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« Reply #2 on: June 02, 2006, 08:17:09 PM »

I've been chewing on this for a few days. Let me see if I can mount a defence to this article.

I think Colin Goh's article is useful precisely for the audience that it targets - the English-speaking, well-to-do, cosmopolitan crowd that can afford to quit. The point that Colin raises is that these are the people who should be exceedingly happy with that they have - by Singapore standards. The fact that they aren't raises questions to the direction Singaporeans in general feel they should be going.

The grievance of a taxi-driver, fresh grad and diploma holder is entirely of a different nature - that there is no longer opportunity for social mobility. Colin's article brings up a whole seperate point - the price of social mobility and the unwillingness for many supposedly successful Singaporeans to pay it.

That being said, I agree that there is a phenomenon of Singaporeans returning from overseas with inflated egos, and I dislike it as well. I agree also that it is the greatest weakness of the article. It romanticises something that should be very much a rational decision. Nevertheless, I'm prepared to give Colin artistic license for this - the benefit of making his article readable and accessible is outweighed by the cost of inflating egos.

Correct me if I'm wrong, but I sense that the primary criticism of this article is that it espouses another set of ideals, romanticises it and ultimately does everything the article is against i.e the insidious programming of the Singapore Dream/Plan. I don't think the intention of the article is to present an alternate Singapore Plan, but to show that alternatives are possible, and to be careful of false choice (up to and including the possible false choice that Colin himself proffers).

In short, I think his article is entirely compatable with your philosophy of every idealist for himself.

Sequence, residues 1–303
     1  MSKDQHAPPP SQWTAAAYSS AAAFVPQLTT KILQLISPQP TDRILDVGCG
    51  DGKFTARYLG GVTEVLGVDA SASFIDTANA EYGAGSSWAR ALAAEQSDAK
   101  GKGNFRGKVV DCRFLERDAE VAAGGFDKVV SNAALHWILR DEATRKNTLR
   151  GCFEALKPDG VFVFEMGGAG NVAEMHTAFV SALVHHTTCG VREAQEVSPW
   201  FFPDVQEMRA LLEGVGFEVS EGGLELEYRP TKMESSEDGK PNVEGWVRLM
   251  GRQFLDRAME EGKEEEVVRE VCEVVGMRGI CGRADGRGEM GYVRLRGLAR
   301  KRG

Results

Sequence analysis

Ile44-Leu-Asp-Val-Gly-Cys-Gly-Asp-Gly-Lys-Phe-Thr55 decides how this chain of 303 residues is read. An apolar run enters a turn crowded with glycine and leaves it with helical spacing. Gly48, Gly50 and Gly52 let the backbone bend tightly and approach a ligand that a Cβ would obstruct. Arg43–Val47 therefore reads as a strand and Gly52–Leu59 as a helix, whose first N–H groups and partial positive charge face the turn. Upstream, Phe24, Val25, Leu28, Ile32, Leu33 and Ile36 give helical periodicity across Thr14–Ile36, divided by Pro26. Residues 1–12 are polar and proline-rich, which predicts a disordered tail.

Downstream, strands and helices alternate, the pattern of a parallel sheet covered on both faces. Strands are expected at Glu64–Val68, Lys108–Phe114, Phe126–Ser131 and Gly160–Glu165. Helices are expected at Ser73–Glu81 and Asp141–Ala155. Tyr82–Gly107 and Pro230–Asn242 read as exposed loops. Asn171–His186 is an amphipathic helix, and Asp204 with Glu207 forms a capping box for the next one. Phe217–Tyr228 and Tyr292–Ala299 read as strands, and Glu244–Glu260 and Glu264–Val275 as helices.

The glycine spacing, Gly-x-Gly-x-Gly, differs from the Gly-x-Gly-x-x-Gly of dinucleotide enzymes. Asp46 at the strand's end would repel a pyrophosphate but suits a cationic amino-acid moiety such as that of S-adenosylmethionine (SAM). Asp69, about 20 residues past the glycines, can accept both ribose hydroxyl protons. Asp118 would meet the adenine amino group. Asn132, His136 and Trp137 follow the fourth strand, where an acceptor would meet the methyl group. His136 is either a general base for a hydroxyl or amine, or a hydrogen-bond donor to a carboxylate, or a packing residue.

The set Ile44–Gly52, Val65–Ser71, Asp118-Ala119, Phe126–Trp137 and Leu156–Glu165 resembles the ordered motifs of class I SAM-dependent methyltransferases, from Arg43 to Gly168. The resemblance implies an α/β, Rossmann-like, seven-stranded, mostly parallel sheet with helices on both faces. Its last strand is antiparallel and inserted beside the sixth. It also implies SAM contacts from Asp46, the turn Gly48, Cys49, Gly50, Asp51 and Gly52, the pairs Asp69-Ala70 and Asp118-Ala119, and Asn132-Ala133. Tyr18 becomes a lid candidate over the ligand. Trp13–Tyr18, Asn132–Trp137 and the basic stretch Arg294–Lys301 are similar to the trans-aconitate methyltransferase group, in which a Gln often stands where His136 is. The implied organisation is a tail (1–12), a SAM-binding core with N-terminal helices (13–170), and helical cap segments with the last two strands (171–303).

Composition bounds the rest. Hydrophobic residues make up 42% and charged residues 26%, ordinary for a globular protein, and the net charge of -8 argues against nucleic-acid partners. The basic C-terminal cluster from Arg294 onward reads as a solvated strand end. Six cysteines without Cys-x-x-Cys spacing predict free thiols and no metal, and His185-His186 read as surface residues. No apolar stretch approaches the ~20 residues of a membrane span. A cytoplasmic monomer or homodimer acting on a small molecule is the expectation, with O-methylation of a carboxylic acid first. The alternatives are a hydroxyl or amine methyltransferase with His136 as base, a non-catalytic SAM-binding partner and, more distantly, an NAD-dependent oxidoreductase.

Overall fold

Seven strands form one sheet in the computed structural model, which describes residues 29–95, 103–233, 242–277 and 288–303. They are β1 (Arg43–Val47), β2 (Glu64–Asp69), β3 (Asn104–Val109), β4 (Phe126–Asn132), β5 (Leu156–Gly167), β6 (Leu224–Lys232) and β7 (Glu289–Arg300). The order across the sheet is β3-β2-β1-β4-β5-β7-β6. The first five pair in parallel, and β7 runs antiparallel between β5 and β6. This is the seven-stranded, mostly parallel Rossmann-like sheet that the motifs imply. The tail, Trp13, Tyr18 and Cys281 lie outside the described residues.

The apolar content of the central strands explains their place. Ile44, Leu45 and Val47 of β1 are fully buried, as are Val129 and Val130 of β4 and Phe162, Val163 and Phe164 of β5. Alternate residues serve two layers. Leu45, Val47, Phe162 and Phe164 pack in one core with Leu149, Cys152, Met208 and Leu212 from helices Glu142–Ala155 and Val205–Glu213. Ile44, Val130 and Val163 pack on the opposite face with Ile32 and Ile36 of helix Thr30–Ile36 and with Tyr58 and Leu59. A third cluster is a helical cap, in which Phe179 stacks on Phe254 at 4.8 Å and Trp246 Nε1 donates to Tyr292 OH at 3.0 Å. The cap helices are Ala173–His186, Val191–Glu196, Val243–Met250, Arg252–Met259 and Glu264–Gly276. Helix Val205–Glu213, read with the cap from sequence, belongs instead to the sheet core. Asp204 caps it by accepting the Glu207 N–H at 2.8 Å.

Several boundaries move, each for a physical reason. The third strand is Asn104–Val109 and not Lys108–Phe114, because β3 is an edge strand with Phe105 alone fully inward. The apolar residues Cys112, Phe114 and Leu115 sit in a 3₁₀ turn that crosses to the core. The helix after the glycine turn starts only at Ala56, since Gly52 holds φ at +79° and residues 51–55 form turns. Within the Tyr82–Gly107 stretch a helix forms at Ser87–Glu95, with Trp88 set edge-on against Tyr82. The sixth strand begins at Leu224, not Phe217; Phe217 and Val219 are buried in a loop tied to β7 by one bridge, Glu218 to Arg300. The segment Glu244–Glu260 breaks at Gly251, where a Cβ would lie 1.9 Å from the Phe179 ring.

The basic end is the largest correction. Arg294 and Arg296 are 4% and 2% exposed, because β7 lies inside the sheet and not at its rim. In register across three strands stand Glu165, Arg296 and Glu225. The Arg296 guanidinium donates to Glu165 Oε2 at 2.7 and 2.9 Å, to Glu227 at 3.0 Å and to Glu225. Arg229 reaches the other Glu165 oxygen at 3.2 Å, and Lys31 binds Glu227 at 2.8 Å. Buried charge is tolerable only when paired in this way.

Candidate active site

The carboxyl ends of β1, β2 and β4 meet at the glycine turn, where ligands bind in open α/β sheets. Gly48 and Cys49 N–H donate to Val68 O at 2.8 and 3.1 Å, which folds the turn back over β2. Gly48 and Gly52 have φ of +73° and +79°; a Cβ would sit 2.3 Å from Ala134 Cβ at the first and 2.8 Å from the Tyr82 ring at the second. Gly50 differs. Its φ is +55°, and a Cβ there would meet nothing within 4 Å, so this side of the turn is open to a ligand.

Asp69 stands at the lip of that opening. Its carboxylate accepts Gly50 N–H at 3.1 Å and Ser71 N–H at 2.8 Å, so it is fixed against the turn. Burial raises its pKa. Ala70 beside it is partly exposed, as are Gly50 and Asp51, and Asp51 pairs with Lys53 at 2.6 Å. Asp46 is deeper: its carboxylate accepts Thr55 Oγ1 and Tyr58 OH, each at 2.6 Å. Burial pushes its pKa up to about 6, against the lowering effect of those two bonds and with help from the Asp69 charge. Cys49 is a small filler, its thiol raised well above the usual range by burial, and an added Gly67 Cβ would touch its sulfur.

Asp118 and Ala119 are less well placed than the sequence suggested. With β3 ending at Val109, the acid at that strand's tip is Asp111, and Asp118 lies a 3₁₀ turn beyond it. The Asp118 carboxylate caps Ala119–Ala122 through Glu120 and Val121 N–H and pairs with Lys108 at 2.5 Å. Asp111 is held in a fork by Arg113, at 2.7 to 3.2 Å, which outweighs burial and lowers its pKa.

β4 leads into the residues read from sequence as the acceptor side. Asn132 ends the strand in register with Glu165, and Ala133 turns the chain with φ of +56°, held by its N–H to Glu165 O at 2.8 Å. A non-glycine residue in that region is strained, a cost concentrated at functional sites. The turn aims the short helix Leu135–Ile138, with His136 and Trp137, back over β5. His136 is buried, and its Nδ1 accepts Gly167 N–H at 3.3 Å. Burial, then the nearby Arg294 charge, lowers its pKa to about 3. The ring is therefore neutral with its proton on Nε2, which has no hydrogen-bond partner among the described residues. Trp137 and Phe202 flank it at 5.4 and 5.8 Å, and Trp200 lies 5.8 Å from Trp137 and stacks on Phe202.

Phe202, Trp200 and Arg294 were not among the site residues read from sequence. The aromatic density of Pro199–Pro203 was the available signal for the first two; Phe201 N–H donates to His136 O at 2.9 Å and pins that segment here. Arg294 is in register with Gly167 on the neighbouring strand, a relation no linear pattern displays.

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« Reply #3 on: June 02, 2006, 09:59:56 PM »

Thanks, Tony !

This is a very balanced and thoughtful defense of Colin's article. I definitely agree that Colin Goh has done a great job making the article accessible to everyone so we can have a fruitful discussion of this phenomenon which far outweighs any perceived inflation of egos. I believe that if we agree that Colin is only attempting to rally the very small demographic consisting of well-heeled, radical english educated citizens, he has overwhemlingly succeeded with this masterpieces. 

I think people who come back form overseas with an overinflated ego is a relic of 1980s, its improved a lot with heartlanders who move out to seek job opportunities elsewhere. There are many who go overseas to do businesses who are just out for a better life and generally are more humble than us folks who stay.

Incidentily, the Singapore plan does work for some people. High-flying government civil servants.

I have to admit that I was originally peeved because not only does it espouse an alternative set of ideals, only a very small fraction of Singaporeans can actually afford to live the life Colin Goh is going through.

Lai CF

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« Reply #4 on: June 03, 2006, 03:53:50 PM »

Yes, I was so bitter on the Government policy of "one strike, you are out" that I ranted at the student counseller in London High Commission.
She politely explained tome that perhaps it was the intention of the Government to indirectly forcing SIngaporeans out of theri comfort zone to venture out to get what they want out of life.

Anyway, I sowre that I will "never" return to Singapore and has every intention of going for a PR and job in England.
And yes, I got a job in England but developed cold feet.
I love that place over there but somewhat, it doesn't feel like home.

And during my 6-week work attachment in America, nice to stay, but again, does not feel like home.

And no, I don't "slang kah liao".......just that studying oversea is a real eye-opener and help one to overcome that "tunnel vision" develped in Singapore.

In fact, in the 80's, those with foreign degrees, especially poly graduate,  are looked down by NUS and NTU graduates a s"inferior" to them simply because they don't study as hard as local graduates for their degree.

And I agreed with them.
I can skipped Monday morning lectures and skipped Friday afternoon lectures and the lecturers will not blink an eye. We are treated like responsible adults and expected to behave like one.
Put it this way, my time spent on TV is more than the combined time I spent in lectures and laboratory work.